I’ll always be grateful for Matthew Collings’ 1999 TV series This is Modern Art. It taught me a lot about modern art, for a start, but more importantly it taught me that enjoying a piece of art is very subjective: and so is loathing one, or having no reaction to it at all.
I mean, either I respond to a piece or I don’t; and if I respond, it may be positive or negative – but in the end, I just feel how I feel. Maybe I can articulate the reasons for my reaction, maybe I can’t, but how I feel is no indicator of whether a piece is ‘good’ or ‘bad’. All I can say is how I respond to something, and then try to understand why I respond that way.
Once I let go of any idea of what kind of art I was supposed to think good or bad, I could just get on with either liking it or not as I saw fit.
And apparently, what I see fit to like (or not) in art revolves around humour and an appreciation of layers of meaning.
This appreciation of my own art appreciation came home to me as I visited MONA in Hobart on 21 February.
I first visited MONA in 2011. I love that gallery. I love the way it uses technology to make viewing art easy and more interesting. I love how texts on its O device help to break down those barriers of how art ‘should be’ received and instead opens visitors up the the excellent notion that all responses are valid.
This visit, my layers of appreciation revolved around:
- thinking about artworks I was seeing for the first time.
- enjoying rediscovering pieces I’d seen an loved in other exhibitions and didn’t know I’d find, like Zizi the Affectionate Couch and Korean video artist Junebum Park’s 3 Crossing.
- rediscovering pieces that I enjoyed the first time around at MONA, like the two live goldfish swimming in a deep plate of water around a chopping knife, and the Pulse Room.
- amusing myself with the way certain pieces and moments made me think of other things in pop culture.
That’s one of the fun things about seeing lots of art as well as seeing lots of pop culture that may mention art. Everything you see accumulates layers of meaning.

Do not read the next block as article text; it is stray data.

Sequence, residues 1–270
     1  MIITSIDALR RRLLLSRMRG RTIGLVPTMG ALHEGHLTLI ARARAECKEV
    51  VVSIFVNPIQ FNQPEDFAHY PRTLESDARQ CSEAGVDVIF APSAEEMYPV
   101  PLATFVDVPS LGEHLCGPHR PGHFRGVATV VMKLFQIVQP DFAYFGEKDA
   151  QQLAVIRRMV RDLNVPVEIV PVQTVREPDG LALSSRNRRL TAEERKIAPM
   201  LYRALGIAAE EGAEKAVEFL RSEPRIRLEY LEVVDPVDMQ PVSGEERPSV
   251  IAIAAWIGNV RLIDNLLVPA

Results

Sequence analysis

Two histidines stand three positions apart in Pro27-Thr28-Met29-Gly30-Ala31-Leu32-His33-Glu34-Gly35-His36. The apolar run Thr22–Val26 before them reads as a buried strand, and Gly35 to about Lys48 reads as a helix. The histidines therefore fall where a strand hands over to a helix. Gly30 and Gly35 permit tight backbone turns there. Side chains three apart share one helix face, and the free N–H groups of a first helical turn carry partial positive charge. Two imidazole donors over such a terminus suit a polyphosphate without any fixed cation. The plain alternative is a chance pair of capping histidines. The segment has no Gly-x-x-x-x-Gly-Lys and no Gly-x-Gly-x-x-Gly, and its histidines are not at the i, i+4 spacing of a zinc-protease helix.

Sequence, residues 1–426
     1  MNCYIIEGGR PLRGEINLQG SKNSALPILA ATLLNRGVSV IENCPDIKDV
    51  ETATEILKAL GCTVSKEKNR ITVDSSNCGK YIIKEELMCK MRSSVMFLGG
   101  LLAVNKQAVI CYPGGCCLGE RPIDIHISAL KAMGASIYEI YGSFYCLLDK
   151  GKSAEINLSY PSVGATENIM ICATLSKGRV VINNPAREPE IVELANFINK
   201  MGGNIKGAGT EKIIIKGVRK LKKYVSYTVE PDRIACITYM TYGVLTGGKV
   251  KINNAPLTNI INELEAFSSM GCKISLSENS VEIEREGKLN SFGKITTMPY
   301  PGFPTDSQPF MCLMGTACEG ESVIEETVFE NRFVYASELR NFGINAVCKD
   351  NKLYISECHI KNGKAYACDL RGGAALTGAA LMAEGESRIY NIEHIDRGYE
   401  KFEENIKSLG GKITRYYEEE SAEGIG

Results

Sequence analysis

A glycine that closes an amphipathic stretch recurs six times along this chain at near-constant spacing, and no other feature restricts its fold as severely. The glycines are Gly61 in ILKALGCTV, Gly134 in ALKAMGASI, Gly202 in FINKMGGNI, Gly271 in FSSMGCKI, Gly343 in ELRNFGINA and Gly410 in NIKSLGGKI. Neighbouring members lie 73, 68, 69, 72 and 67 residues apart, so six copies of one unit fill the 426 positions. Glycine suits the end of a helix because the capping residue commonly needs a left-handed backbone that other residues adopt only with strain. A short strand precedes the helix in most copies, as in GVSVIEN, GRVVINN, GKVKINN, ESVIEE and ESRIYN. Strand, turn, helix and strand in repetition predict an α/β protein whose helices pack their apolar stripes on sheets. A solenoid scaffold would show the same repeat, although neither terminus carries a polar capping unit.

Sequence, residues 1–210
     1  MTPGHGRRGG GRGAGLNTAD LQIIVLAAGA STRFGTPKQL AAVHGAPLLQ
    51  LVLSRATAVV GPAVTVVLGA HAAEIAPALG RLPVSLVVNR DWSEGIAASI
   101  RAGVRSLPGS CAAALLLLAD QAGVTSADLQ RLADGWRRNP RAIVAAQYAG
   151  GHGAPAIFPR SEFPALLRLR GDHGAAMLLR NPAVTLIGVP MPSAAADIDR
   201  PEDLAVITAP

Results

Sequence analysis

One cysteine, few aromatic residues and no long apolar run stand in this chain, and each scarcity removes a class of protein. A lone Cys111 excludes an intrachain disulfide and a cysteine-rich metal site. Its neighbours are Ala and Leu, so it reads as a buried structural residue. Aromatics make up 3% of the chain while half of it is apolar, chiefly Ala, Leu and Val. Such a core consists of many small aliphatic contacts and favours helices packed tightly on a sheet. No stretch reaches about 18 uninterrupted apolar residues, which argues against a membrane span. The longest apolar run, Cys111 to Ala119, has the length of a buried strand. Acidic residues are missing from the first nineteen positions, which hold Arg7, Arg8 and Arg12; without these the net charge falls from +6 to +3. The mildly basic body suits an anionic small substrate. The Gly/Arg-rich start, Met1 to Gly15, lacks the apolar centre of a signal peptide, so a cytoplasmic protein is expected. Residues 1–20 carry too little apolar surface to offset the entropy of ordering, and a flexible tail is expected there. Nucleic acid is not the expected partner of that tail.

One evocative piece had two speakers in a darkened room, each emitting the voice of the artist singing two versions of a folk song.
The song is the story about two sisters in love with the same man. One sister pushes the other into the river so she can have the man to herself. The drowned sister dies, is washed ashore, and her bones and hair are made into a fiddle that will only play a lament.
One speaker is the song of the sister who pushed; the other is the song of the sister who drowned.
It’s a wonderful piece of sound sculpture, with two simple speakers standing in for those tragic sisters. It also is the latest layer in my relationship with that story, which I’ve heard in different folk songs and in different forms. One of my favourite versions is Loreena McKennitt’s The Bonny Swans, which adds another sister and incorporates at least two versions of the story in a single song.
Not all of my pop culture associations were so elegant. At various times I was reminded of Rimmer admiring Legion’s light switch [at 1:50], or John Cleese and Eleanor Bron admiring the TARDIS in Doctor Who’s City of Death, or Ben Miller’s crusty old historian saying ‘It is, of course, absolutely priceless’ just before he manages to destroy whatever fabulous historical artefact he’s looking at in the Miller and Armstrong sketch show.
So it may be that no-one else but Tim knew what I was giggling about at some of those exhibits, but it’s liberating to know that it doesn’t really matter what anyone else thought about either the art or my giggling.
I love the layers of perception I experience, without regard for ‘high’ or ‘low’ art. Art is just art. Creativity is just creativity. And whether I like it and the ways in which I do (or not), matter only to me. It’s enough to have an opportunity to see other people’s imaginations splashed out for the world to see, and to feel however I feel about it, and try to work out why I react the way I do.
That way, I don’t just learn about art. I learn about myself.